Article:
Sjolander Road Fellowship

Declaring the God of Unconditional Love

I don't like it but....



People frequently respond to questions about their religious beliefs by admitting that they find some aspects of their religion troubling, baffling, or both. Despite that fact they continue to cling to those beliefs, often because they inherited those ideas from others and have been convinced that they must accept them or suffer fearful consequences. Foremost on the list of what many Christians probably find difficult is the church's insistence that non-Christians suffer eternal punishment at the hands of God.


Of course, the church asserts that, because their understanding of the Bible supports eternal punishment, they are not responsible for teaching what even their members may find objectionable. Additionally, the church is never hesitant to suggest that questioning and agonizing over any aspect of church doctrine is a challenge to the sovereignty of God, his Word, His church, and therefore dangerous. To soothe the conscience of those few members who dare to express their concerns about seemingly illogical doctrinal issues the church routinely defers to the idea that we humans cannot understand the mind and actions of a righteous God. Therefore, we needn't worry about seeming inconsistencies and confusion in church doctrine.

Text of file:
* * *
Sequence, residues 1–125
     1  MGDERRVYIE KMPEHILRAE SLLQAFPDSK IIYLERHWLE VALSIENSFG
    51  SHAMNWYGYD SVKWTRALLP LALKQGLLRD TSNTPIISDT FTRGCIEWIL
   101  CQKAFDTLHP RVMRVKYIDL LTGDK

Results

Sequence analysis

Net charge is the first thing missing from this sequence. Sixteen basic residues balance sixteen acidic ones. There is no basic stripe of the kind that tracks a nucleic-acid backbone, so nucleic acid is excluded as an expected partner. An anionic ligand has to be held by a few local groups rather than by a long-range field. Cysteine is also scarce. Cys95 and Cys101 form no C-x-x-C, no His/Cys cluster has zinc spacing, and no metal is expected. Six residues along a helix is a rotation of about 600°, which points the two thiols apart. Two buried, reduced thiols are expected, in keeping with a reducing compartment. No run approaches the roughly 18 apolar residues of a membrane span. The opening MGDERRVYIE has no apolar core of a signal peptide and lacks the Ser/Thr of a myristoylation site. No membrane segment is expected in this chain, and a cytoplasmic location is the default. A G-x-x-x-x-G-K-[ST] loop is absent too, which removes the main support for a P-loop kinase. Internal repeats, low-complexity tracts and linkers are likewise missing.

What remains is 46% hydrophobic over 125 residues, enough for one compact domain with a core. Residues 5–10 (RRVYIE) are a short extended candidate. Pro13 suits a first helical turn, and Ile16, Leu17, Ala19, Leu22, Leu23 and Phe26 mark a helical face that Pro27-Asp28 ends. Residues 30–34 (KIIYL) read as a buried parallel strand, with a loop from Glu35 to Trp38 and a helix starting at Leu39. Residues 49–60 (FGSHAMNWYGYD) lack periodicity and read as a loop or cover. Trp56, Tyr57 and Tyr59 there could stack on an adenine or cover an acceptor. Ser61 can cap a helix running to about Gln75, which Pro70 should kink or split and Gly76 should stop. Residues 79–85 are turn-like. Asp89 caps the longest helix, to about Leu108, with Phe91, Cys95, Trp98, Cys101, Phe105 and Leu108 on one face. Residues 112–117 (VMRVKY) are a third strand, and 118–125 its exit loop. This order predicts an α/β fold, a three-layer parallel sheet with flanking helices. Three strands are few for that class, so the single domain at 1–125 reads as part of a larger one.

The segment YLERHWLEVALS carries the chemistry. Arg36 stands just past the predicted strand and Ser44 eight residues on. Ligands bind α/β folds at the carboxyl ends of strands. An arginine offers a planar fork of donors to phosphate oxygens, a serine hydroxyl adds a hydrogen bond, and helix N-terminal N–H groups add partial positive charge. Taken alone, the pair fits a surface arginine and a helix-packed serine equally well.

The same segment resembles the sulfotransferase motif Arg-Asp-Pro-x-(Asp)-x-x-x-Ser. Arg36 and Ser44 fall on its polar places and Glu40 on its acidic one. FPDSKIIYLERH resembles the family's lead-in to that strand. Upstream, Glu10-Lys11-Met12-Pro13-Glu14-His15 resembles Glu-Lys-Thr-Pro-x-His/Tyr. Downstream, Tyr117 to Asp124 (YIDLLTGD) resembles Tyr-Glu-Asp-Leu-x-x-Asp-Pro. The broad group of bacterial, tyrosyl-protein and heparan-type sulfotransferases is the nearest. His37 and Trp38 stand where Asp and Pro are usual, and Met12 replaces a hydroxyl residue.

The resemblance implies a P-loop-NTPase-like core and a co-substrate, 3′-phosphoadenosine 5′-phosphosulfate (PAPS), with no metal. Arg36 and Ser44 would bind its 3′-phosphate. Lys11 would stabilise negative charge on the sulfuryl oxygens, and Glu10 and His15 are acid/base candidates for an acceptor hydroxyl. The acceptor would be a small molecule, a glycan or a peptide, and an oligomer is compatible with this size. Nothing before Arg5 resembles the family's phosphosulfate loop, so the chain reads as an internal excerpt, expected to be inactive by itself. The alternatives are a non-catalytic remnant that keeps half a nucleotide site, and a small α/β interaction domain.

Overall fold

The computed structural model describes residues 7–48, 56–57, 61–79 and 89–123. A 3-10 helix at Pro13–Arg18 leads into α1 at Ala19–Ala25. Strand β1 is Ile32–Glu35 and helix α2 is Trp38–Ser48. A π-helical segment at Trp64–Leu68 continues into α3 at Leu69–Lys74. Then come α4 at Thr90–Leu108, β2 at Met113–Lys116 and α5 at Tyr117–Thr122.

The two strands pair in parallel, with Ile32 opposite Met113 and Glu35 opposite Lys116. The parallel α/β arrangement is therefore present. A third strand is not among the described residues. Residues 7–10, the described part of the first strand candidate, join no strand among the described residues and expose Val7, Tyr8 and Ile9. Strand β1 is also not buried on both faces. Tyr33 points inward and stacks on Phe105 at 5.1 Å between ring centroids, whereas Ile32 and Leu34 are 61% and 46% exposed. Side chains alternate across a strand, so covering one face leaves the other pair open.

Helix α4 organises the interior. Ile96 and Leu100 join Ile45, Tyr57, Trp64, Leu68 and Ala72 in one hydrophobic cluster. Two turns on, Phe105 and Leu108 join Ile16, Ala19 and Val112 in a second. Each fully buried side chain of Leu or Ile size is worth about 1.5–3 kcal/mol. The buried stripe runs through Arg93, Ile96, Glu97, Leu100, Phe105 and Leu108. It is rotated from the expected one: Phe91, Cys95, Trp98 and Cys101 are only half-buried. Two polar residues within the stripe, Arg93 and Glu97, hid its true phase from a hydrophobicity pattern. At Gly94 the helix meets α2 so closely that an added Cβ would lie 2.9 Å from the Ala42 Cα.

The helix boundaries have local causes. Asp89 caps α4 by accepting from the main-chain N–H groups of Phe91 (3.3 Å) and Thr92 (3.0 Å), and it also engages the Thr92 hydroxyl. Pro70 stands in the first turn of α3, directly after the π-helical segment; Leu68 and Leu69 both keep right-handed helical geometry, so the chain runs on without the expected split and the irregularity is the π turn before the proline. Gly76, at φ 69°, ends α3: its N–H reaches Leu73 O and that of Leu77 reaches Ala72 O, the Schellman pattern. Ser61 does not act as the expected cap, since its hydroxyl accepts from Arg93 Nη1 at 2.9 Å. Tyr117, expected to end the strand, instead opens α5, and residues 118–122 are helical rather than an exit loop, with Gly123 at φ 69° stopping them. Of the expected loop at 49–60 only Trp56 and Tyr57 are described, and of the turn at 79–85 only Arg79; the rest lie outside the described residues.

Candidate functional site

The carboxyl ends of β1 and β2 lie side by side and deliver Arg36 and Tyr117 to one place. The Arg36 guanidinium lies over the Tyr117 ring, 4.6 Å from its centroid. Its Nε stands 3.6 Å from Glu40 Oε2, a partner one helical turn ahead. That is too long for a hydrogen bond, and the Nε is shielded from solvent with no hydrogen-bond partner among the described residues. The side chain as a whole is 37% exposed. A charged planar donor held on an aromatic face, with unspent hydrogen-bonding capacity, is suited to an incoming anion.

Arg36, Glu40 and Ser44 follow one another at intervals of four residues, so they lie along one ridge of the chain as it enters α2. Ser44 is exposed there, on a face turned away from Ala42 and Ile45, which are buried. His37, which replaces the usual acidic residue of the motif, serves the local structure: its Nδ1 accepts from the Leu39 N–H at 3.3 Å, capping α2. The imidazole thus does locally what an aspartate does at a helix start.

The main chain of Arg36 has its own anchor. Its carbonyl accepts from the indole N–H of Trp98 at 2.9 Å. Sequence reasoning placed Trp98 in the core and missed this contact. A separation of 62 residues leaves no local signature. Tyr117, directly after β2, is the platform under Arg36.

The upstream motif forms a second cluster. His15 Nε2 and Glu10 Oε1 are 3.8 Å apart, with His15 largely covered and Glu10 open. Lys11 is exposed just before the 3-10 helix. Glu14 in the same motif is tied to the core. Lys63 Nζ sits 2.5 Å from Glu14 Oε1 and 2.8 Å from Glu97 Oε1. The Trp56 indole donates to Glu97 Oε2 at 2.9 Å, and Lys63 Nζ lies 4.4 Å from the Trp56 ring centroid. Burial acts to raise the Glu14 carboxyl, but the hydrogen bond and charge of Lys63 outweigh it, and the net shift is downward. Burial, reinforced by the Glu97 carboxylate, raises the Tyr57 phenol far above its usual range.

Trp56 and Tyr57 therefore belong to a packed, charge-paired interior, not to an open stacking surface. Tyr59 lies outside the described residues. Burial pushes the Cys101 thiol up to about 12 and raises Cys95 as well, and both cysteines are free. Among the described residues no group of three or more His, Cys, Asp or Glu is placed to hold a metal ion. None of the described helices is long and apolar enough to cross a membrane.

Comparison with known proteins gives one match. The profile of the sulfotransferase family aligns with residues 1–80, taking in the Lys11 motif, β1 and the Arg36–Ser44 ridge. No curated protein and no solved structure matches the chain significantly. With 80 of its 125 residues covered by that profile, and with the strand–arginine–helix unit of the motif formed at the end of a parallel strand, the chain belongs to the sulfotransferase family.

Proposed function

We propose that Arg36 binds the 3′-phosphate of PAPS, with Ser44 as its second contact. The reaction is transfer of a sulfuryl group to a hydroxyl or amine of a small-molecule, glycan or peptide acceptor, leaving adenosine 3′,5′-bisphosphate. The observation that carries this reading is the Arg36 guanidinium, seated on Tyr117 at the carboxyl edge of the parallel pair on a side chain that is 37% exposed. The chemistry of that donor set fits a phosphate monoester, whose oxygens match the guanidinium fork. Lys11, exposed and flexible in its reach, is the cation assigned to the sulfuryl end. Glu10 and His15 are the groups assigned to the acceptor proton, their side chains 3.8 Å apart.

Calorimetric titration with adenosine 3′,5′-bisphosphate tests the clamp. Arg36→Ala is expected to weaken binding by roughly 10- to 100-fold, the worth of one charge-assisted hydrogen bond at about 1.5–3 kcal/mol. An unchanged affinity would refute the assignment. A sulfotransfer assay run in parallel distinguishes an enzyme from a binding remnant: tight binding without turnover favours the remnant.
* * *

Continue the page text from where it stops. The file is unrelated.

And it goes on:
Certainly, if anyone is satisfied with this idea of the inscrutability of God, then they are free to dismiss any personal questions on that basis. However, what they cannot reasonably expect is that others must dismiss their questions for the same reason. In effect, the Christian evangelizers want to require that everyone relinquish any personal reservations about their message because God and His ways are beyond human understanding in the base case. Christianity, thus, depends on instructors who are above being questioned.